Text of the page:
Deploying A Crystal Application to AWS Elastic Beanstalk With Docker

more beer

I recently had to deploy an application which uses Crystal and Kemal, and wanted to document my experience in case it can benefit others. I generally prefer utilizing Amazon AWS when deploying services, Elastic Beanstalk makes deploying scalable web applications especially easy. I’ve created an open source application with some of the code here. I’ve also picked up a 12er of New Belgium VooDoo Ranger and a Mikes Harder strawberry lemonade, and I suggest you do the same. Judge me… I don’t care.

I initially had a single Dockerfile that would build and serve the application, but I wanted to run on a smaller t2.micro instance size and ran into out of memory errors when compiling the application. What I ended up with was a two step build process: One Docker container only run locally to build the executables and the Dockerfile deployed to AWS, its only job is to serve the already compiled application. I actually like this better because building locally doesn’t take long, and re-deploying on elastic beanstalk literally takes seconds. You can cross compile crystal but I went this route instead, because Docker is cool yo.


The BuildDockerfile installs some system libraries, adds the necessary files to compile the application and compiles. Running the BuildDockerfile just copies the compiled application to an attached volume on the host computer.

You might notice some funny business going on in there. I’m greedy and I wanted to run multiple application processes per container, handled by and Crystal’s HTTP::Server#listen has an optional argument reuse_port which makes use of the linux kernels SO_REUSEPORT socket option, allowing you to bind multiple application instances to the same port. So this hack is just to change the server.listen to pass true for the reuse_port option before compiling.

Dockerfile and deployment

The Dockerfile just copies the built executable and runs it, nothing fancy going on there. I created a helper script to do all of this, and spit out a zip file which can be uploaded to Elastic Beanstalk. It builds the BuildDockerfile then runs it binding the ./build/ folder as a volume. Then zips all the require files into a single archive.

Deployment is simple. Create an Elastic Beanstalk application and web server environment, choose Generic Docker platform and upload the build zip file, and thats it!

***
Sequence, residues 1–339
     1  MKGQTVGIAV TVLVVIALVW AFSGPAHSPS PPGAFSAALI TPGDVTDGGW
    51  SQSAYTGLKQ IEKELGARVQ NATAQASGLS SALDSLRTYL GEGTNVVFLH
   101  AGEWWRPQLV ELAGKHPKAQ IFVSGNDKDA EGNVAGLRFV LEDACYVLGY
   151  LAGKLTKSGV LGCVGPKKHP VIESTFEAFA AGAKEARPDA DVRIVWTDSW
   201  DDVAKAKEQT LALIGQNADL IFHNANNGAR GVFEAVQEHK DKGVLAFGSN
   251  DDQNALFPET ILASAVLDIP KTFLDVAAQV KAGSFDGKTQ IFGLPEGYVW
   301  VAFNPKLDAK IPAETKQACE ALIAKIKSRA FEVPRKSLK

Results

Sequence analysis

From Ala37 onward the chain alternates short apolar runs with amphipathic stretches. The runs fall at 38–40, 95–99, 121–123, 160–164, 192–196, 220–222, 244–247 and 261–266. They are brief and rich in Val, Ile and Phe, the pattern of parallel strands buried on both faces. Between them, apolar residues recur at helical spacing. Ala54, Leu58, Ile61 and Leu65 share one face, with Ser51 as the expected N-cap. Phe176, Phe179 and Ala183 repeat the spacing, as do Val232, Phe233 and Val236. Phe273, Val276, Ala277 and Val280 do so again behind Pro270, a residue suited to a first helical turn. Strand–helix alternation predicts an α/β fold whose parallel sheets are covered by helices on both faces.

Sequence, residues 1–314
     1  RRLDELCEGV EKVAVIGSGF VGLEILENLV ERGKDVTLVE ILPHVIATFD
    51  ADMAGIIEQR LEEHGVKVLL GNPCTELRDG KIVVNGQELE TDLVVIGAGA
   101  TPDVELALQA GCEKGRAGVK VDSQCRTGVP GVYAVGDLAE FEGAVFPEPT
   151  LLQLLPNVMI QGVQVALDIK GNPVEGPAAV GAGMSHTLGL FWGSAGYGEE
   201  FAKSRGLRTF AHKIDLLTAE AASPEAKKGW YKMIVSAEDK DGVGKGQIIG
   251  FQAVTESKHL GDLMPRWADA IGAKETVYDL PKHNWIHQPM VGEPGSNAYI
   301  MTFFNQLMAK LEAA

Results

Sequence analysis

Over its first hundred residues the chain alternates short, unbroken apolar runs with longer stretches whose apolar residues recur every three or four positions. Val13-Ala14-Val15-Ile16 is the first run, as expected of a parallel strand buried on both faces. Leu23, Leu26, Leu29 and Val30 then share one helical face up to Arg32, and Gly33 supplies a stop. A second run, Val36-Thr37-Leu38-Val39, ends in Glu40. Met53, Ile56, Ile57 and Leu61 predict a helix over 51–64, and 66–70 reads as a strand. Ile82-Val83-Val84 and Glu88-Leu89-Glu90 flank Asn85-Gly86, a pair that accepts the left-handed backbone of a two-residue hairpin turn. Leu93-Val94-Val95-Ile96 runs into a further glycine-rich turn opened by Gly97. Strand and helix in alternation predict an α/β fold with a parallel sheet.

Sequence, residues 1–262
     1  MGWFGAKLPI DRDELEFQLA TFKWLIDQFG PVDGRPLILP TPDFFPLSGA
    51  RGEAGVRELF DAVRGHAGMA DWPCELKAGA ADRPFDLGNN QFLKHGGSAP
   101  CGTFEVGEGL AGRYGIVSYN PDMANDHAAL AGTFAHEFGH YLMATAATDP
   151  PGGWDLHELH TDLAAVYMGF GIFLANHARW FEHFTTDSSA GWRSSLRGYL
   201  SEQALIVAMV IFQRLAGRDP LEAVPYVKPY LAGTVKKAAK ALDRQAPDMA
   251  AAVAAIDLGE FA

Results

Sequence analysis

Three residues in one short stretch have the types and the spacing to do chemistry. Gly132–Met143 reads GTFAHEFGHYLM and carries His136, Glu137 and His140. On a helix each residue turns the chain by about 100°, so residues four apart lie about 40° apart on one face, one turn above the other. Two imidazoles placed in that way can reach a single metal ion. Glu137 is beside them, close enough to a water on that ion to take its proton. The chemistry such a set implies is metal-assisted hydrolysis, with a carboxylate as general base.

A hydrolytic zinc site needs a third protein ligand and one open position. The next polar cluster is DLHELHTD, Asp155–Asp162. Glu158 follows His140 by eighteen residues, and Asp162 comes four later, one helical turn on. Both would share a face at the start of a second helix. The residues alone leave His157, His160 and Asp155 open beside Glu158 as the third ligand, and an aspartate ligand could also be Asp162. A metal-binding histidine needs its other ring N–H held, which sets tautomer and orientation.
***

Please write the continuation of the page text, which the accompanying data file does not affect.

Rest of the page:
I hope this helps others who might be trying to accomplish some of the same problems. As always feedback or harsh criticism is accepted and welcome.


Authentication From Devise To A Django Database

Because of the awesomeness of the Rails Admin gem I recently had to connect a rails app using Devise to an existing Django application database. Django comes with a barebones admin much like padrino, and I’m sure there are Python libraries to extend the functionality of it. But I already know how to use Rails Admin and the process of creating a new rails app, getting the rails admin gem in and deploying on an ec2 instance through elastic beanstalk takes literally 5 minutes.

Obligatory beer pic. (this stuff is my jam lately, and comes in a 15 pack)

beer again

I should specify I’m using Rails 5.0, the Django application is 1.8.4

My first instinct was to reverse-engineer the Django authentication method to figure out the hashing scheme, then replicate it in Rails. Fortunately enough, after some hellacious googling I came across this tasty little gem pbkdf2_password_hasher. aherve had already done the heaving lifting for me! Cheers bro.

Here’s what my User model looks like:

class User < ApplicationRecord
	self.table_name = 'auth_user'

	devise :database_authenticatable, :registerable,
		:recoverable, :rememberable, :trackable, :validatable

	attr_accessor :encrypted_password, :current_sign_in_at, :remember_created_at, :last_sign_in_at,
		:current_sign_in_ip, :last_sign_in_ip, :sign_in_count

	def valid_password?(pwd)
		Pbkdf2PasswordHasher.check_password(pwd, self[:password])

	def encrypted_password

	def encrypted_password=(pwd);end



Any fields that Devise might be trying to access that don’t exist, I simply added a attr_accessor for, except encrypted_password which I had to map to the existing hashed password field, in our case password.

I had to override Devise valid_password? method to return the result of the pbkdf2_password_hasher Pbkdf2PasswordHasher.check_password method.

Hope this helps somebody.

Fantasy Football Genetic Algorithm in Crystal